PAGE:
Since I could not even say the words “eating disorder” to anyone, early recovery was hard for me. My parents knew because I text-messaged them (yes, I was kindergarten-status) but they were 200 miles away…and, as some of you may know, they aren’t very supportive. So, early on I was on my own aside from the weekly appointments with my nutritionist and therapist. After a few sessions, my therapist encouraged me to reach out to a close friend and tell them about my eating disorder.

This seemed like an impossible task. I got a sinking feeling in my gut. I told my therapist that I knew that my friends would leave me if I told them, because no one wants to have a sick friend. And again – I couldn’t even say the words “eating disorder” at the time. How was I supposed to tell someone I really cared about and risk losing them when I really needed them the most? However, my therapist countered these questions with “If your friends won’t support you in your time of greatest need, they aren’t your real friends anyway.” So, with her encouragement, I decided that I would tell one of my best friends here.

I didn’t force it, though. I waited until I felt right – I waited until I had built up enough courage to tell my friend. It was a bitter cold night in February, and we had met at Starbucks to study for a microbio class we had together. We were sitting there for awhile, and she asked me how I was doing. I spontaneously decided to tell her. I just said “Well…to be honest, not great.” And then I went on to describe to her that I had an eating disorder, etc. After I told her, she was really supportive, the conversation ended and we just kept studying the same way we had been. She was still there even though I had revealed to her what I saw as my biggest weakness, and the feeling I got from this interaction was of overwhelming support. Over time, I told more of my good friends, my swim coach, and my best friends from home. I simultaneously was admitting to these people what I was going through while asking for their unconditional love and support – asking for their help – and all of these people stepped up to the plate and became my support system.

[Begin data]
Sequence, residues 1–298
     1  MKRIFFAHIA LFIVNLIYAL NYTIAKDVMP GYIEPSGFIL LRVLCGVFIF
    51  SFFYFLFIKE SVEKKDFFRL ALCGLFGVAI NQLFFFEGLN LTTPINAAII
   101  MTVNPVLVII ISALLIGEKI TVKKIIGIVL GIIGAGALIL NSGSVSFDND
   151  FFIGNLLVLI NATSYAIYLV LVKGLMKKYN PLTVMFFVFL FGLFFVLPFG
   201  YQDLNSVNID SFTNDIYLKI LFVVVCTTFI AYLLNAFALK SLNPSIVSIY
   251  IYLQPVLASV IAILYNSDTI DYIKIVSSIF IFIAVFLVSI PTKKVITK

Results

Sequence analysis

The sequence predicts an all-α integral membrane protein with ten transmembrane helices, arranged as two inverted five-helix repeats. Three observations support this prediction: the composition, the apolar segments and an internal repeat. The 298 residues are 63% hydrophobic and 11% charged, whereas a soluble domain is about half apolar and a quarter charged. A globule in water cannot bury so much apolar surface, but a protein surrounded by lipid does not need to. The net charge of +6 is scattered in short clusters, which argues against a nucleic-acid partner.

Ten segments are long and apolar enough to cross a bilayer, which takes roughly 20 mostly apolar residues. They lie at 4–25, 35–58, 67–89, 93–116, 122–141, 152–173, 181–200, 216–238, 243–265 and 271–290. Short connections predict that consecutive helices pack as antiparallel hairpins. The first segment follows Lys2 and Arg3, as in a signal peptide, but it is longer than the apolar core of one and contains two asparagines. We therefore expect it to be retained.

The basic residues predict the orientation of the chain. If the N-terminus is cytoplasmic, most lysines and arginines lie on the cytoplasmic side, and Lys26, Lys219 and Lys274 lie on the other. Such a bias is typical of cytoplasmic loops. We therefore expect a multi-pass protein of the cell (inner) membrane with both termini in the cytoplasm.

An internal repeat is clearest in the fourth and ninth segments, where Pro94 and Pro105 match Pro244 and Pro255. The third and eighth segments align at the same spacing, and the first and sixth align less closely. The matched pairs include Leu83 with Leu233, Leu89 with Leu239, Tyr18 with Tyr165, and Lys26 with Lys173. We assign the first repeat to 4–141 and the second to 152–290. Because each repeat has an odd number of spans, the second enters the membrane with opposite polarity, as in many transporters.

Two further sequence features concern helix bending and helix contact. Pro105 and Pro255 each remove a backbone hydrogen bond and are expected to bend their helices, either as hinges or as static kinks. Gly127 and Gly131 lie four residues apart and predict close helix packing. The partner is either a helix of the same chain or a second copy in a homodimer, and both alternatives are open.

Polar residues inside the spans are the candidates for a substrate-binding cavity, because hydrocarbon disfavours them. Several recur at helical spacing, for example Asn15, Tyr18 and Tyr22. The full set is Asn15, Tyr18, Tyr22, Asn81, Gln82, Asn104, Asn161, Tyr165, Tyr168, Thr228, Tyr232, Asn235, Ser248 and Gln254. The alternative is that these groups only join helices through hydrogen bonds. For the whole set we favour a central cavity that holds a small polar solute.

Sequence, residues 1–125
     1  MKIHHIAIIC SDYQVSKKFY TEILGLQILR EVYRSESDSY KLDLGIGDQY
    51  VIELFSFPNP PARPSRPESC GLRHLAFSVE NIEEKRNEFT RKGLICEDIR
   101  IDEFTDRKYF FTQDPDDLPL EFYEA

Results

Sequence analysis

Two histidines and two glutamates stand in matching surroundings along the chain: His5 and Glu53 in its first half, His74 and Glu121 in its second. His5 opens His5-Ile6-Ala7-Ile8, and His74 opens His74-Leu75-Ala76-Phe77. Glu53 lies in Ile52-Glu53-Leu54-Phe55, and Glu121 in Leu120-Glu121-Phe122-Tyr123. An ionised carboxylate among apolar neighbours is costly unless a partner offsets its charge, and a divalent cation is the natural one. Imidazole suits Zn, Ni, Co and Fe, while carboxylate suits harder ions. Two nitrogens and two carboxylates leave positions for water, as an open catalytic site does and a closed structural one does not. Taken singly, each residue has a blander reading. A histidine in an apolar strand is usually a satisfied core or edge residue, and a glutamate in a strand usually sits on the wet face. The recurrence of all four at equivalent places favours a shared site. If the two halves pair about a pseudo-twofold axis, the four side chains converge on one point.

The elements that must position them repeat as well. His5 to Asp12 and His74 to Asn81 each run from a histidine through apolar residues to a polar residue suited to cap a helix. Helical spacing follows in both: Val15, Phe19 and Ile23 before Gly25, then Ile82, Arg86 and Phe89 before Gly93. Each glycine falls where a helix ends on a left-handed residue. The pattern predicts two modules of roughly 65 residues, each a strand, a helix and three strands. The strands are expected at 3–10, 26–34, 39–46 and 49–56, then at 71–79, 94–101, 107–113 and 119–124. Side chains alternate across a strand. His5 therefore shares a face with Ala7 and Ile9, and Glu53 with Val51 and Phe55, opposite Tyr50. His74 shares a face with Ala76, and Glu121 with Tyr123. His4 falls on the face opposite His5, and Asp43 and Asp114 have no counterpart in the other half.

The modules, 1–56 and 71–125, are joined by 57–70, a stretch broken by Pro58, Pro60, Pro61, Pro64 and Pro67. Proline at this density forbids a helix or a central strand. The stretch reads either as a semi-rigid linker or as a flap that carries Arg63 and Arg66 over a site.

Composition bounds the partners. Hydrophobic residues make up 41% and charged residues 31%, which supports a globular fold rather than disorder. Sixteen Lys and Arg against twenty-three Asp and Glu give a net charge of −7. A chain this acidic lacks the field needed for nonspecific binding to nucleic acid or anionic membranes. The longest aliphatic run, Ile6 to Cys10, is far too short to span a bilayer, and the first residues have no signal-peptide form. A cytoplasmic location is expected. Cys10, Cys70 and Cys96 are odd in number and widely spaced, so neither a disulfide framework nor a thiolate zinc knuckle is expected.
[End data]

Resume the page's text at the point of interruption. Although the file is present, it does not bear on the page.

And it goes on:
I used to see asking for help as the biggest sign of weakness. I thought that people only asked for help because they weren’t strong enough to deal with circumstances on their own.

I couldn’t have been more wrong.

Asking for help is the biggest sign of strength. It’s being at your most vulnerable in front of someone you know, saying “I can’t do this alone.” It’s one of the scariest things to do – period – whether you are asking a friend for help with your ED or asking a professor for help on a genetics problem. It shouldn’t be this hard. We’re not supposed to know all the answers. We’re supposed to live and make mistakes. Unfortunately, being a perfectionist doesn’t allow you that room – it says “you must know ALL of this the first time you learn it, you must never make mistakes, and above all you must never ask for help.”

What a load of crap.